Although the adhesive quality starts to give away around 10 days, here are some good directions from Dexcom that will help you keep the unit on for the full 10 days.

You may want to also explore a popular third-party adhesive support called ‘SKIN GRIP’ that is available from Amazon.

Dexcom Sensor and Verily

Advancements in Diabetes sensors coming in 2020/ 2021

Dexcom and Verily ( Google’s life sciences division)  are launching the G7, a much thinner, less expensive, fully disposable continuous glucose monitor, in the US in about two years – late 2020 is the current estimate for the launch, followed by broader availability in 2021.

The new G7 sensor units are expected to significantly lower cost, fully disposable and most importantly it will extend the wear time from the current 10 days to a 14 – 15-day timeframe.

I am a technologist with years of experience with Apple and wearOS products and have a Bachelor’s degree in Computer Science. In my day job, I advise fortune 500 companies with their digital transformation strategies and also consult with numerous digital health startups in an advisory capacity. I'm VERY interested in exploring the digital health&fitness-tech evolution and keep a close eye on patents, FDA approvals, strategic partnerships and developments happening in the wearables and digital health sector. When I'm not writing or presenting, I run with my Apple Watch or Fossil Gen 5 LTE and keep a close eye on my HRV and other recovery metrics.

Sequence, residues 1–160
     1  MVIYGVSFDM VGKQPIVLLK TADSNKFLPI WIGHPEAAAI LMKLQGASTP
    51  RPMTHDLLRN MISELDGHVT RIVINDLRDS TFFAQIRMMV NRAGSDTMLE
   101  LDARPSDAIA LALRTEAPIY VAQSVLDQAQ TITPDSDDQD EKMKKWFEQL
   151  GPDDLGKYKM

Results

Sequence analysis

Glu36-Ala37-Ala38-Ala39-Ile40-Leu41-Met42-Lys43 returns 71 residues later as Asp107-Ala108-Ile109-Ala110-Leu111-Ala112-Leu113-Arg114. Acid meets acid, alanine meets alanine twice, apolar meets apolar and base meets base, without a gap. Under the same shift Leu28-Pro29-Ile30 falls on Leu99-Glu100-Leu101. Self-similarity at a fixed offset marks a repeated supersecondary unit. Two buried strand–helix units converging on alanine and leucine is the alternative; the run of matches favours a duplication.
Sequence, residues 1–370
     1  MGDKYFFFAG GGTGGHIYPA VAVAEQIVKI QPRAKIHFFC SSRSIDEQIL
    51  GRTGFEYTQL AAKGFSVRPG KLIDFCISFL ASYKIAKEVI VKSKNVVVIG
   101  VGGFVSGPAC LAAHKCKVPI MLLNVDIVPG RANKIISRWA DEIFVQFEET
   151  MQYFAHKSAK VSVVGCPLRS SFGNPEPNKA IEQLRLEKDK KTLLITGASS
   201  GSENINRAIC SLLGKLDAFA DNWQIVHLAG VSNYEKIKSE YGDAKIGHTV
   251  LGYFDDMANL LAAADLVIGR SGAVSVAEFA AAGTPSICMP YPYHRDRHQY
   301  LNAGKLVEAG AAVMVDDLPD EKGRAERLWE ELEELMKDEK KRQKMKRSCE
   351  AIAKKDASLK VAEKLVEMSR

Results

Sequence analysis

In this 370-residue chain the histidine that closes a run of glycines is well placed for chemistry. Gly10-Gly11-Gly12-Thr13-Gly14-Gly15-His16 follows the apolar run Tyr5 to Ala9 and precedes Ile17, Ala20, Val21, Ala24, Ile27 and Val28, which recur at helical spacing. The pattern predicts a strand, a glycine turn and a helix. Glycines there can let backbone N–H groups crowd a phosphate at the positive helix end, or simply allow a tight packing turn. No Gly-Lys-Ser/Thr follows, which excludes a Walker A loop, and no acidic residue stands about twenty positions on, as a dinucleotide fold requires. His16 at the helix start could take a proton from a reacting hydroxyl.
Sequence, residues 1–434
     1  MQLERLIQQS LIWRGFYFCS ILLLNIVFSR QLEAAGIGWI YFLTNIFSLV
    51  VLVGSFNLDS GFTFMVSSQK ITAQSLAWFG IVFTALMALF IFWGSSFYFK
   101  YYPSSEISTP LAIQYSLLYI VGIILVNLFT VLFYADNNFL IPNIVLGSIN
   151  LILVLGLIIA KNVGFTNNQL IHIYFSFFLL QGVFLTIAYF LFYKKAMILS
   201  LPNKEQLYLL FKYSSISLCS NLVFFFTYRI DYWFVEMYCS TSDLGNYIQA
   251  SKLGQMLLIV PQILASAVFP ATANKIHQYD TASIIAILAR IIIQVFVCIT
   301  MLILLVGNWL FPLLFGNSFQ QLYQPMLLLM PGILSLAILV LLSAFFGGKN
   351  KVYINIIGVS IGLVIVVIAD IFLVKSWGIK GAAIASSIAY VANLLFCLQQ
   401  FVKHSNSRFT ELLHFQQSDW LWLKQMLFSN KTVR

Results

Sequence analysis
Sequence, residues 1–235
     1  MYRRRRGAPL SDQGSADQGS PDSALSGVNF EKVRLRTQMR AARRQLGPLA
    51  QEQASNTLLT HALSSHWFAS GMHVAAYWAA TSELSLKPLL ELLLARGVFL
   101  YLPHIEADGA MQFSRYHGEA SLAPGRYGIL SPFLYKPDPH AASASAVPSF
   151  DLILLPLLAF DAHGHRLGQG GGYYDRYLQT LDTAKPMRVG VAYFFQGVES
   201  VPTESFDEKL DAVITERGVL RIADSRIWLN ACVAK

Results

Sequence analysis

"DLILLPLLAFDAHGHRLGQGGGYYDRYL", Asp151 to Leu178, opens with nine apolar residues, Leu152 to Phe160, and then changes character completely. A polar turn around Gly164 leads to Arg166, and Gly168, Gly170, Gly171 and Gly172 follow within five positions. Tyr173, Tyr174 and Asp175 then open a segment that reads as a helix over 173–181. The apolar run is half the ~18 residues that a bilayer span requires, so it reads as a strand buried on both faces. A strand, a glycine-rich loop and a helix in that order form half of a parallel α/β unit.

1. My mom was just diagnosed with Type 1 diabetes, and she doesn’t know what to expect and wants to be more prepared for what changes she needs to make.

    Getting the right supplies from a professional like adhesive tape could be really useful and keep her senor attached.

    I’ll be sure to tell her about how it can show up on her Apple watch and make sure that the skin is dry before applying it.

  2. The receivers are a redundant nuisance especially for men who have limited pocket space. Why get it when you can receive the signal on your phone or watch

    And either the pump or the receiver gets the signal but not both. And you can’t switch back and forth between the two or it will shut down. And you’ll have to use another sensor.

    Other than that it’s handy to have because you can monitor you glucose easily without having to carry a supply of finger stickers and a separate glucose monitor.

  3. Can’t wait to see what the G7 is like.

    I like the G6 just fine, but trying to find out if placing it on the arm in the US is a yes or no is hard.

    I see it’s a yes for Canada but I’m still not clear of the usage on the arm in the US.

    Also, as someone pointed out, it does go offline often, the signal drops quite a bit, but I’m managing it.

    I just go old-fashioned and prick my finger.